With Covid-19 and the resulting changes to our day-to-day activities, many of us are spending more time indoors on or in front of electronics and less time exploring and living life.  Kids and teens are statued in front of TVs engaged in Fortnite Battle Royales.  Moms and dads aren't far behind, binging on Netflix and eating up every last available byte of their neighborhood's shared bandwidth.  During these times, let's not forget how to live, to move, to explore.  If you're going stir crazy, if you're stuck indoors consuming copious amounts of bandwidth, we encourage you to take a break from all that heavy streaming of bites and bytes, and take some time to enjoy some living.  Get out of the house.  Throw on a mask and take a walk, a jog, a run or go for a drive.  Check out the birds, the squirrels, count some clouds, get some sun.  Be safe, social distance, but remember to get out of the house!



Author: ChiroPlanet.com
Source: ChiroPlanet.com


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Alcohol Consumption Gets A Long Needed Cut

Since 1990, U.S. Dietary Guidelines for Americans has recommended no more than two alcoholic drinks for men and one drink for women daily. However, after 30 years that's about to change. The committee of experts responsible for these guidelines now recommend both men and women limit their alcohol consumption to a maximum of one drink per day, at most. A primary reason for this change is the link to cancer. According to researchers, alcohol consumption is the third most common cause of preventable cancer, aside from smoking and obesity. It's also important people understand these guidelines are not recommending adults drink one alcoholic beverage daily. Instead, the guidelines are for those who already consume alcohol to ensure they don't over indulge, as the data shows this increases their risk of death. In fact, the committee experts now explicitly discourage the drinking of alcohol for any reason.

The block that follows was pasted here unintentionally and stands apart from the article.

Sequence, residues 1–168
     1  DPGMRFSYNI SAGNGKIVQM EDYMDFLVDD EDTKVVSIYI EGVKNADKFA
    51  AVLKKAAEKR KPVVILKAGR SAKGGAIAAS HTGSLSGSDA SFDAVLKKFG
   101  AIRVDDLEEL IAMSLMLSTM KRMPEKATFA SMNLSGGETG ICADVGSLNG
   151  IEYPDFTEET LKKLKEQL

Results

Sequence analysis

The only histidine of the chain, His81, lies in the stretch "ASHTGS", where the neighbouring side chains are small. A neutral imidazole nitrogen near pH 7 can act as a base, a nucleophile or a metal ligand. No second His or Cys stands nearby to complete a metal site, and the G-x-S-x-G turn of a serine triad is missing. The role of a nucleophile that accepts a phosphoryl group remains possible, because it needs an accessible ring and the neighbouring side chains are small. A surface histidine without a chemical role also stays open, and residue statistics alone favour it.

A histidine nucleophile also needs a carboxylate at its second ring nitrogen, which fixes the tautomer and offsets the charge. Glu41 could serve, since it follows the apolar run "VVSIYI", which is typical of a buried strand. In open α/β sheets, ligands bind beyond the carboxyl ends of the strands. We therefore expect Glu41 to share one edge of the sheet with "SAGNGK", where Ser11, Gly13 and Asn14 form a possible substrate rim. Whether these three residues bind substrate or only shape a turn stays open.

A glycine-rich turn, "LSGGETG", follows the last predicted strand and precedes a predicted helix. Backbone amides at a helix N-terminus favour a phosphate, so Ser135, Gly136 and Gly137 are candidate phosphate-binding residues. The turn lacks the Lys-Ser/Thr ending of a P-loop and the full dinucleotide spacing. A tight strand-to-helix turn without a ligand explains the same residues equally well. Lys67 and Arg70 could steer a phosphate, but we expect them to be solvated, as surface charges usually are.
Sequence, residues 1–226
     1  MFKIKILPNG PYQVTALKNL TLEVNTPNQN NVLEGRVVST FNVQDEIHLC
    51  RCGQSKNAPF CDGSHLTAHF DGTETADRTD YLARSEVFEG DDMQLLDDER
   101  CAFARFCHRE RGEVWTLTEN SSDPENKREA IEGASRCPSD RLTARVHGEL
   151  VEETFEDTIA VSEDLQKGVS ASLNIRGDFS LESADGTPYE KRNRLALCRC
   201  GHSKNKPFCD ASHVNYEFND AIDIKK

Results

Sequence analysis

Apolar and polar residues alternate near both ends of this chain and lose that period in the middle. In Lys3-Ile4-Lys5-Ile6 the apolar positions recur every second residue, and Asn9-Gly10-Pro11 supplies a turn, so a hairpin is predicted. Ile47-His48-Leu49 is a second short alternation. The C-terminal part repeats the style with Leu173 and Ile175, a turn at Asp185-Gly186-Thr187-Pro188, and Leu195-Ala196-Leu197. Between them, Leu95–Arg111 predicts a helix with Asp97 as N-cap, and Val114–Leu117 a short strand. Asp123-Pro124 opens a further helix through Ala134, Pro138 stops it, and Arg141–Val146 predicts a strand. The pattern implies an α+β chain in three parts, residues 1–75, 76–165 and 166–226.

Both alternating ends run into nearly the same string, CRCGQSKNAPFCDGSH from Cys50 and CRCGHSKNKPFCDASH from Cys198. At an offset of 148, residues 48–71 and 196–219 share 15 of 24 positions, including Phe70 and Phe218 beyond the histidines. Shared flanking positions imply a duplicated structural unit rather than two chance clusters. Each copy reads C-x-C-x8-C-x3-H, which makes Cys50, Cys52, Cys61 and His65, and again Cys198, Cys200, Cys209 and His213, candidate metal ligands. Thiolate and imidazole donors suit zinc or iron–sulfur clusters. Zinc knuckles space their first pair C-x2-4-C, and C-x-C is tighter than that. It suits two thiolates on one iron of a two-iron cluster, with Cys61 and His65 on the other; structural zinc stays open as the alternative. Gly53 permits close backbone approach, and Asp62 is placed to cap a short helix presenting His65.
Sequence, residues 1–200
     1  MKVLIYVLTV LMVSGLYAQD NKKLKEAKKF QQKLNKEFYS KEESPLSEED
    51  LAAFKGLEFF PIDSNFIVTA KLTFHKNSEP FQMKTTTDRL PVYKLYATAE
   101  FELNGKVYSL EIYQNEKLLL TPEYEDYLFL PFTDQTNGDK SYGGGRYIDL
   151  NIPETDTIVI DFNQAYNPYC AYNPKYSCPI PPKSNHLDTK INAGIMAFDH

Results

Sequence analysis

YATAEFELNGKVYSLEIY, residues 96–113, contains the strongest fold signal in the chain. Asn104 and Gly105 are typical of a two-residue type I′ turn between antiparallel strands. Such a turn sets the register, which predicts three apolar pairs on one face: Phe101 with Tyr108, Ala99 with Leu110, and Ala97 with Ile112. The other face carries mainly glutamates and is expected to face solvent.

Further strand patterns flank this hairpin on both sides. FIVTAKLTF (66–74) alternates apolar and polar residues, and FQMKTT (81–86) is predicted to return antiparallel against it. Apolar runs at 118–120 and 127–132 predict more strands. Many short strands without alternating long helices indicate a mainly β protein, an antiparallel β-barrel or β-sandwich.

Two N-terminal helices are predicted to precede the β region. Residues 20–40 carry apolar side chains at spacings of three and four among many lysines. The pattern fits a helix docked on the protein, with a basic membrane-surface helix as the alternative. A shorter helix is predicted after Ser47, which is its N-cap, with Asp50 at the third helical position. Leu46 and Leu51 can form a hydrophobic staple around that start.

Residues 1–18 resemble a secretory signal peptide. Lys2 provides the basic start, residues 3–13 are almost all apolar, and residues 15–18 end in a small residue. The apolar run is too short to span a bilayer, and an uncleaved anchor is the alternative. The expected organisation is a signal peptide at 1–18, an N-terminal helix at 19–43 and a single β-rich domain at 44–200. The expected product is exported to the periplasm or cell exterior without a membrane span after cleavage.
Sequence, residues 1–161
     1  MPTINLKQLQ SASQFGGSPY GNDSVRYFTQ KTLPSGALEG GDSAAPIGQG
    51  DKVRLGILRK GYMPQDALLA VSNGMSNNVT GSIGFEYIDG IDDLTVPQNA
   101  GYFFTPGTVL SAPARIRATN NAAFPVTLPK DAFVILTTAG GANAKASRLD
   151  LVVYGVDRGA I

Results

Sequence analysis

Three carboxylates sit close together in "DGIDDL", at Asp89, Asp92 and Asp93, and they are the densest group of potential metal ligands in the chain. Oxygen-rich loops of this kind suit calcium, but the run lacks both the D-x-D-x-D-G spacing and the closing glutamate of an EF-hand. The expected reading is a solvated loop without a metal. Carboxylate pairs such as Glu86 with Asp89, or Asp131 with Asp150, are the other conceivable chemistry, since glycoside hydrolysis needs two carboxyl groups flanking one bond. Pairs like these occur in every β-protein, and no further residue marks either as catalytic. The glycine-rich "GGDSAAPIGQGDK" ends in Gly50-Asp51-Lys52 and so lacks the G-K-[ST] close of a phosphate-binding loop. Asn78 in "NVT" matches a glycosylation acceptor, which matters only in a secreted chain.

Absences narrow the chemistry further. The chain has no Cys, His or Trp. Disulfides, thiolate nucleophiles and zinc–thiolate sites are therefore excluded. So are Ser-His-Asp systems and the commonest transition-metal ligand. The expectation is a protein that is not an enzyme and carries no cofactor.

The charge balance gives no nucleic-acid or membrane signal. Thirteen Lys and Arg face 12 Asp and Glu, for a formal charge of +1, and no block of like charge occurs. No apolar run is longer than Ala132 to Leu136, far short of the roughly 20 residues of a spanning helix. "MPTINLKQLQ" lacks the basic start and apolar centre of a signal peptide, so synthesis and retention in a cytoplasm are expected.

Author: ChiroPlanet.com
Source: Scientific Report of the 2020 Dietary Guidelines Advisory Committee


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Choose Water, Not Diabetes

New research based on tracking more than 80,000 women over a decade indicates replacing sugary drinks such as fruit juice and soda with water lowers the risk of developing diabetes. This finding does not appear to be based on higher water consumption in the diet. Instead, the reduction in developing diabetes appears to be related to the reduction in consuming sugary beverages. The more sugar-based drinks and fruit juices consumed the higher the risk of developing diabetes. Specifically, researchers found an approximate 10 percent higher incidence for diabetes with each cup of sugary drink / fruit juice consumed per day. Researchers also found that one cup of coffee or tea was a good replacement for one cup of sugary drink / fruit juice. So by swapping that soda, fruit juice or other sugar-based beverage with water, coffee or tea, additional calories can be eliminated from the diet and more importantly, a reduction in diabetes risk can be obtained.

Author: ChiroPlanet.com
Source: American Journal of Clinical Nutrition, online May 2, 2012.